Paradise Found

Emerald Pond. Some people—mostly those who have never been to Hawaii—might call this crystal-clear, spring-fed lake on top of Massanutten Mountain prettier than a Hawaiian lagoon at sunset. This was to be the highlight of the Emerald Pond Paradise hike on June 25-27. Five DCULers threw ultralight swimsuits into our packs to seek paradise.

We gathered at the trailhead parking lot Friday at 9:15 p.m. Fully-vaxxed Chris S., Jordan, and I carpooled from the Vienna Metro. We met Alex and Chris T. there, ready to go. Chris T., who lives on the mountain, offered his expertise despite his dislike of hot, humid summer hiking. He set up camp a half mile from the trail head and walked back to meet and guide us. It was a nice welcome. By headlamp, we made our way to camp, quickly set up, and retired.

I called for a late wake up Saturday so that we wouldn’t get to Emerald Pond too early for swimming. Ha! I didn’t think it would be hot enough until noon. So, at 6:30 a.m., I cried out “good morning, DCUL: we pack light, wake early, and hike far!” We hit the trail at 7:30 a.m.

The trail began with a hot, steep climb—1,800 feet by my GAIA app. (Karan thinks my app underreports elevation gain, so I’ll accept “bonus elevation feet” anytime). We reached the ridge sweaty, but found the mountaintop breeze and the Shenandoah Valley view refreshing. We followed the ridge line to Emerald Pond.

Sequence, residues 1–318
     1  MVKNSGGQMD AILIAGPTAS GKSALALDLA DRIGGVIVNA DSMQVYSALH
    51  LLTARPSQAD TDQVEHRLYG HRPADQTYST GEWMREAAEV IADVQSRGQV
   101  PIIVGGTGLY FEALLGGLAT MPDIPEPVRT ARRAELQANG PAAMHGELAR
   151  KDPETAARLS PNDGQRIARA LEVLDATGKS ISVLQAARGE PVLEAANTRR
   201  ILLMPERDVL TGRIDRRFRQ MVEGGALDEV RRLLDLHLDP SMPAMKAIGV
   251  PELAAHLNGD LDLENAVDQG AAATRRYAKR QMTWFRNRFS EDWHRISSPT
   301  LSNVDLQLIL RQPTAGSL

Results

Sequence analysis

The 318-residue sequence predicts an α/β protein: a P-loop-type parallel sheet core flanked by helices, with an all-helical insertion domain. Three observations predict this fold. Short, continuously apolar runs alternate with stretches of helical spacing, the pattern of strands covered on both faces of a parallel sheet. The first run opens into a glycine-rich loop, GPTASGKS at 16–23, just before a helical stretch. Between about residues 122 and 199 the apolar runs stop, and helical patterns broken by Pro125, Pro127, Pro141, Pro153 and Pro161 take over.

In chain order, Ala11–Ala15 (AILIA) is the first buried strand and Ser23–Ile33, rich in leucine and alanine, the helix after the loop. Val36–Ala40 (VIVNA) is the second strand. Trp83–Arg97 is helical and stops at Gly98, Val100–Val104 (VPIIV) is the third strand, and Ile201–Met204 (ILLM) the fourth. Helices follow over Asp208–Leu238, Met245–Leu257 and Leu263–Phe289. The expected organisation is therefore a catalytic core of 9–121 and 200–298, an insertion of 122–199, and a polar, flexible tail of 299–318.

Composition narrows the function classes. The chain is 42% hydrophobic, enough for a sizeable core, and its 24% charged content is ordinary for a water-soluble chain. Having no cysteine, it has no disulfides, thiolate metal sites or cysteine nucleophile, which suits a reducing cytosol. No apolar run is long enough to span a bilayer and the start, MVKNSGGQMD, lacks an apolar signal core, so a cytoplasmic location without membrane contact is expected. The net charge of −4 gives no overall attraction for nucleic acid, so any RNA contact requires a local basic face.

The Pond was delightful. I immediately jumped in and swam around as others debated hydrothermal dynamics. (The pond initially looked cold). Ultimately everyone jumped in. It was easy to get used to the temperature and it was very comfortable to swim. Jordan held out until I pointed out he could be in the process of creating his life’s biggest regret if he passed on a dip. He decided to hold out for other lifetime regrets and jumped in. 

We spent a long time at the pond thinking there were not many miles, and a lot of day left, on this low mileage hike. [Insert foreshadow music here]. It seemed better to hang out at the pond than hang out at a campsite with hours until sunset. So, we stayed in paradise through lunch.

The remainder of the hike was heavy on the dirt road theme. I learned Alex loves hiking on dirt roads in the sun. (Just kidding, Alex). Chris S. led a strong pace, floating up every elevation gain. Alex and I extended our sun umbrellas for shade; everyone else walked far from us, pretending they didn’t know us. Alex expressed his uncertainty of the wisdom of the DCUL member ranking system. However, he’s keeping an open mind.

We took a side trail up a forest-fire mountainside for variety and to kill some time. We reached the peak and Alex scrambled down the other side to investigate his theory that the geology on Massanutten was affected by ancient meteor strikes. There were numerous holes in the ground, suggesting meteor collisions. Having just come off from the Donut Hole trail trip where other DCULers had strong theories about Bigfoot and alleged UFO citings, I felt Alex’s thesis was elevating the DCUL discourse.